But why is this getting posted on the Grail, I hear you ask? Well, though I'm a keen golfer, the main reason is that, in perusing Billy's PGA Tour profile page, I was surprised to see that he lists being "a believer in Bigfoot and UFOs". We're a bit more partial here to an interested agnosticism rather than belief (and let's not mention the Twilight book series part of the profile), but I think we can safely claim PGA Tour champion Billy Horschel as a member of the tribe of the weird. Hell, the guy even has precognitive dreams:
When Billy Horschel was 10 years old he had a dream that he was going to get hit in the eye playing baseball. It came true. When he was in college, he dreamt that he would marry his then-girlfriend Brittany and later did. Sunday at East Lake, he lived out another premonition. After dreaming earlier this year that he would hoist the FedExCup trophy, Horschel shot a 2-under 68 to win the TOUR Championship by Coca-Cola by three strokes over Rory McIlroy and Jim Furyk and claim the FedExCup and its $10 million bonus.
...“There's certain things throughout my life that have come true, and I've sort of seen it beforehand,” Horschel said. “I woke up and I wasn't sure if it was real or not because it was very faint, but I remember holding up the FedExCup trophy, and as the season went along, I never thought about it, but I just said, 'Well, maybe it was just a dream that wasn't real.'”
Billy, consider this an honorary Grail membership (because it felt like your month so far was lacking something, right?!).
Pioneer primatologist Jane Goodall was highlighted in Nova's web series 'The Secret Lives of Scientists & Engineers', and in the clip above she talks about some of the ways in which Science has gone wrong: namely, its lack of empathy and its confusing of coldness for 'objectivity.'
At the beginning of her career, she was heavily criticized for naming the chimpanzees she was observing. "I was told you have to give them numbers because you have to be objective as a scientist," Goodall says in the video, "and you mustn’t empathize with your subject. And I feel this is where science has gone wrong. To have this coldness, this lack of empathy, has enabled some scientists to do unethical behavior." It was precisely her ability to connect & empathize with her observation subjects, what enabled her to do the groundbreaking work she's famous for, which eventually help revolutionize our understanding of social groups in primates & other animals.
"I think empathy is really important, and I think only when our clever brain and our human heart work together in harmony can we achieve our full potential."
A vortex of news flying right at you...
- Massive 5000-year-old stone monument linked to moon god.
- Hanuman the monkey god has a biometric identity card.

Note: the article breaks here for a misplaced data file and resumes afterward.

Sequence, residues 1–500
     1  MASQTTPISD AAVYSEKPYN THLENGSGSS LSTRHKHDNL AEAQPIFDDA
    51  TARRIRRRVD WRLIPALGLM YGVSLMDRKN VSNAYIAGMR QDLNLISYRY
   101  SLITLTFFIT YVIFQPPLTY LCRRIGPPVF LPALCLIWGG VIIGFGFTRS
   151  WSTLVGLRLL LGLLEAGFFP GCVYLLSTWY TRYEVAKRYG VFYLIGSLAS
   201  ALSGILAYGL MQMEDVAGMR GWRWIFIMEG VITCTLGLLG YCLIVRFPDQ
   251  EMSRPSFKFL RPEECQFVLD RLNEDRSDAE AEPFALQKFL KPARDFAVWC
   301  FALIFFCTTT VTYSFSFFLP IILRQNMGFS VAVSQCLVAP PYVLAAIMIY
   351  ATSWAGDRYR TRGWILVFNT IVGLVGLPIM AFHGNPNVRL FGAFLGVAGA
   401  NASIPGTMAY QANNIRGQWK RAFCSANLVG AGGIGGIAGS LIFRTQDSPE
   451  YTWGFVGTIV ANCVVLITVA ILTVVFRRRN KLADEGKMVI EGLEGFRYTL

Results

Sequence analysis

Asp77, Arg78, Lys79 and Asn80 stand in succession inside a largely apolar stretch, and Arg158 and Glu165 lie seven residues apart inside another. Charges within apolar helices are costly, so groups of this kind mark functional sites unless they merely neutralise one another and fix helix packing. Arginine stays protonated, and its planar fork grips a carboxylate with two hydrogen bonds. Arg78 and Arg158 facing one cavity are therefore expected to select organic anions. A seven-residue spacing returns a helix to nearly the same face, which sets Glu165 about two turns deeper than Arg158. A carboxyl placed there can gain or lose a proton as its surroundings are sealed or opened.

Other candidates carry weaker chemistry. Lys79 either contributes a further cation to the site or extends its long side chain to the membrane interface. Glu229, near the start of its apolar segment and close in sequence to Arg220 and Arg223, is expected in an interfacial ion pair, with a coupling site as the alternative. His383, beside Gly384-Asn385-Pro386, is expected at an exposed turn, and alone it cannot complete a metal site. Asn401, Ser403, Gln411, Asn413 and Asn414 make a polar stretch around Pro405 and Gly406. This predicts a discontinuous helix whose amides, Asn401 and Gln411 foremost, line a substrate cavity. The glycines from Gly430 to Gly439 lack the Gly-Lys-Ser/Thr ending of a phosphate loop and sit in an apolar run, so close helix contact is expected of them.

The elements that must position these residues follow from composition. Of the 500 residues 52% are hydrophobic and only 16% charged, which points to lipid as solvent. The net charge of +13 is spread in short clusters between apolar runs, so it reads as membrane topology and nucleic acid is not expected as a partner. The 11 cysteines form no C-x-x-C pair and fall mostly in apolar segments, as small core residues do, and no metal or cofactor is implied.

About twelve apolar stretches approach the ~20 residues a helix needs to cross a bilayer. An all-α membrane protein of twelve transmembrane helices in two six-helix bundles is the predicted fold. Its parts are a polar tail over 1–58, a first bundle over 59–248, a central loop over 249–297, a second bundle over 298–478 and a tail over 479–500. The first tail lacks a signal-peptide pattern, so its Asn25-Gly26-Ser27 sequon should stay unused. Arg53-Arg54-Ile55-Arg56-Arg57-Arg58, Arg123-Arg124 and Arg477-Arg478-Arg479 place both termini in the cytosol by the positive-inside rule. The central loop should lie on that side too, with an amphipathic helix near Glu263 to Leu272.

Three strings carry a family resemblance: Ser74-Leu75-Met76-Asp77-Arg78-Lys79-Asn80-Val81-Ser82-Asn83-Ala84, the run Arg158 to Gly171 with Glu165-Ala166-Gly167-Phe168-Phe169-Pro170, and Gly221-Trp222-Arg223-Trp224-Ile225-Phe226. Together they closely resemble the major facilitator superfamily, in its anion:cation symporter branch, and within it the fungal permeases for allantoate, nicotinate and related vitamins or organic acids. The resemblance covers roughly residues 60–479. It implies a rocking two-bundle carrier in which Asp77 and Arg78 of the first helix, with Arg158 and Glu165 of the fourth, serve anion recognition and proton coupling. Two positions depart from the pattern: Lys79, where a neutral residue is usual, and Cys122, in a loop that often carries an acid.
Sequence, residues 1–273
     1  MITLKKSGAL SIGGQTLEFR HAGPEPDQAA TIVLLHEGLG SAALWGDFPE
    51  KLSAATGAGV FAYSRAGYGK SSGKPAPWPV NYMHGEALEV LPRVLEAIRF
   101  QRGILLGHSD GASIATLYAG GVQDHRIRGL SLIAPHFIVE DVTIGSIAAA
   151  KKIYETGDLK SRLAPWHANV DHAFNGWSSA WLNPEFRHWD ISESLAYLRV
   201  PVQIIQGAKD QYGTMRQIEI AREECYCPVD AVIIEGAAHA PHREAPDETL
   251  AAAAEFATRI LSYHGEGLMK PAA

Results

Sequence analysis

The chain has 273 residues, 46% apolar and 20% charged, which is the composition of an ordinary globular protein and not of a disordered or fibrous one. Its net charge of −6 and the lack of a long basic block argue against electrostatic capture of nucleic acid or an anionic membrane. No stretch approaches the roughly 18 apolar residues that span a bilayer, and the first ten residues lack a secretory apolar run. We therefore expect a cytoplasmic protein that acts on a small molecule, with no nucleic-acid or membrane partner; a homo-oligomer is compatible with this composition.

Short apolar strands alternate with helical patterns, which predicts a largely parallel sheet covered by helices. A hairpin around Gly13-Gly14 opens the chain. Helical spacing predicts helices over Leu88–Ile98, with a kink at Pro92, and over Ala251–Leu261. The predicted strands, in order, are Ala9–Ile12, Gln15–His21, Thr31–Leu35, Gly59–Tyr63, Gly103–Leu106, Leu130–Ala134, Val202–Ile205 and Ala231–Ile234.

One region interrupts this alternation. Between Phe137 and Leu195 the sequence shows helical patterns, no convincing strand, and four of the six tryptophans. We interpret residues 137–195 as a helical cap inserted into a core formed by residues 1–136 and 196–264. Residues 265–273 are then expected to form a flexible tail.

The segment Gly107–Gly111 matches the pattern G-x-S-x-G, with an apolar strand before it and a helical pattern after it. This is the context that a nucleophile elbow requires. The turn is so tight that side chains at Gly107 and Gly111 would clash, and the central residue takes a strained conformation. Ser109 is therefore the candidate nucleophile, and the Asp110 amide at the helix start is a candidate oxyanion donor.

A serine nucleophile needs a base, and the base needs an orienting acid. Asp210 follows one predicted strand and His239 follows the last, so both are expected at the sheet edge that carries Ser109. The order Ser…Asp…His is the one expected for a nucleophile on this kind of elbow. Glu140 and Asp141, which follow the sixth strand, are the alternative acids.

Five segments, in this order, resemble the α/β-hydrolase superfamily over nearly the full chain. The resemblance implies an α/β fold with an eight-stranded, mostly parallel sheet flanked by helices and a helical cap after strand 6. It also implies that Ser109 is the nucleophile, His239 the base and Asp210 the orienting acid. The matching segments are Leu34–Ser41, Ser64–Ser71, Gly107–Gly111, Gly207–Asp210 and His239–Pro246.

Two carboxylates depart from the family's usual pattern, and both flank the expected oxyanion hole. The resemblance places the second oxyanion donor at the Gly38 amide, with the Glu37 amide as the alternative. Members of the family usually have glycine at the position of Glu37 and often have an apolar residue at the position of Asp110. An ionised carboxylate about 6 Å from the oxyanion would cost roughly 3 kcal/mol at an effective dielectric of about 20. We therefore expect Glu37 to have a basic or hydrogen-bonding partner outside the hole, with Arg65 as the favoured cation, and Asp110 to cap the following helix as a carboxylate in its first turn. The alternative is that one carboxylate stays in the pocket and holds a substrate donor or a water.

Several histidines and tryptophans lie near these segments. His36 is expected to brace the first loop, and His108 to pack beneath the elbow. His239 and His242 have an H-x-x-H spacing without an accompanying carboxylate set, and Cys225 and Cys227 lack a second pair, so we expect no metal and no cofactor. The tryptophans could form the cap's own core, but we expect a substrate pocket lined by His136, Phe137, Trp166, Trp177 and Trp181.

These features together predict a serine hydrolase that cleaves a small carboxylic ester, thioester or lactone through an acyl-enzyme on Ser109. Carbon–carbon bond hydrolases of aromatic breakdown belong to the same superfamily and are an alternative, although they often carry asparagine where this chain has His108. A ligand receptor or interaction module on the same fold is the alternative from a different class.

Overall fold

- Deciphering hidden text on a 500-year-old map that guided Columbus.
- A beehive dating to 1446 found in Scotland's Rosslyn Chapel.
- Andrew Gough explores bees & beehives, from prehistory to Freemasonry.
- The strange history of Turkey's mad honey, hallucinogenic & deadly.
- Taking the Kraken: Colossal squid caught off Antarctica.
- The Japanese language has more than 50 nouns for rain.
- Believing in Fiction: the rise of hyper-real religions.
- I used to read a lot, until I took a Harry Potter to the eye.
- Ursula K. Le Guin talks science fiction, volcanos, gender, & Virgil's Aeneid.
- A little cat dreams of a big cat in this medieval French manuscript.
- Onwards, my noble steed! Genets caught riding rhinoceros & buffalo.
- If mice build a supercomputer, it's because of this.
Quote of the Day:
At the end of a day, life should ask us, ‘do you want to save the changes?’
~ Bill Murray
Remember those wonderful kids books of old such as The Golden Book of Chemistry, since deemed too dangerous for our over-protective times? In recent times, our yearning for those daring days has seen success for the rather non-risky 'Dangerous Book for Boys' series.
The occult equivalent of the Golden Book of Chemistry might just be How to Make Magic, a 1974 book that showed kids how to perform a little stage magic, and oh SUMMON THE DEVIL HIMSELF. Thankfully, this classic tome has been rescued from obscurity by @Cavalorn, who has posted scans of the book to his blog, with commentary.
The book seems to begin innocuously enough, with some neat little 'stage magic' tricks to mystify your friends and family with. Although, like the Golden Book of Chemistry, the book is happy enough to recommend a child go and purchase some volatile chemicals. As Cavalorn reminisces: "Oh for the lost days of our youth when a small boy could come skipping out of a chemist's shop with a manual of witchcraft in one hand and a bag of bomb ingredients in the other."
But really, what could go wrong with some of the juvenile stage magic tricks in the book, as long as there are clear directions to ensure the safety of the child? I mean, really?*
(* Full disclosure: I once did the 'pencil up the nose, out the mouth' magic trick in front of a 12-year-old. Minutes later they staggered out of their room screaming with blood pouring from their nose)
But of course, these were different times, when we didn't fixate on little details that might be harmful, given the unlikely scenario of a bunch of unfortunate circumstances combining. So let's not castigate the authors for well-meaning passages that....wait, what's this?
Witches used to make wax or wooden dolls of their enemies and stick pins in as a spell to hurt them. Has your teacher, or a friend, made you a little angry lately? Here's what a witch with a sense of humour might do.
That's right, a magic book for kids recommended making a voodoo doll if friends or teachers had "made you a little angry". We've obviously left the stage magic section well behind now, although I shudder to think what the recommendation is for anyone that's made you really angry...
Head on over to Cavalorn's blog for plenty more occult tuition for juniors, including such gems as:
- "Ask your parents if you can bewitch a corner of your garden at home. The centre piece should really be a tree around which you should plant a circle of white flowers - snowdrops or daisies, perhaps - in honour of the moon goddess"
- "Of course, this is no ordinary cat but a 'familiar' sent by the Devil himself to lend a helping hand"
- "Be careful not to put the pentagrams upside down because they look a bit like the Devil with his horns and you don't want him turning up"
That last pearl of wisdom comes from the spread in which young children are taught to construct a circle to conduct ritual magick in. I would totally have made this book my personal bible if I had ever come across it in my own youth.
I mean, seriously...DIY Ouija craft!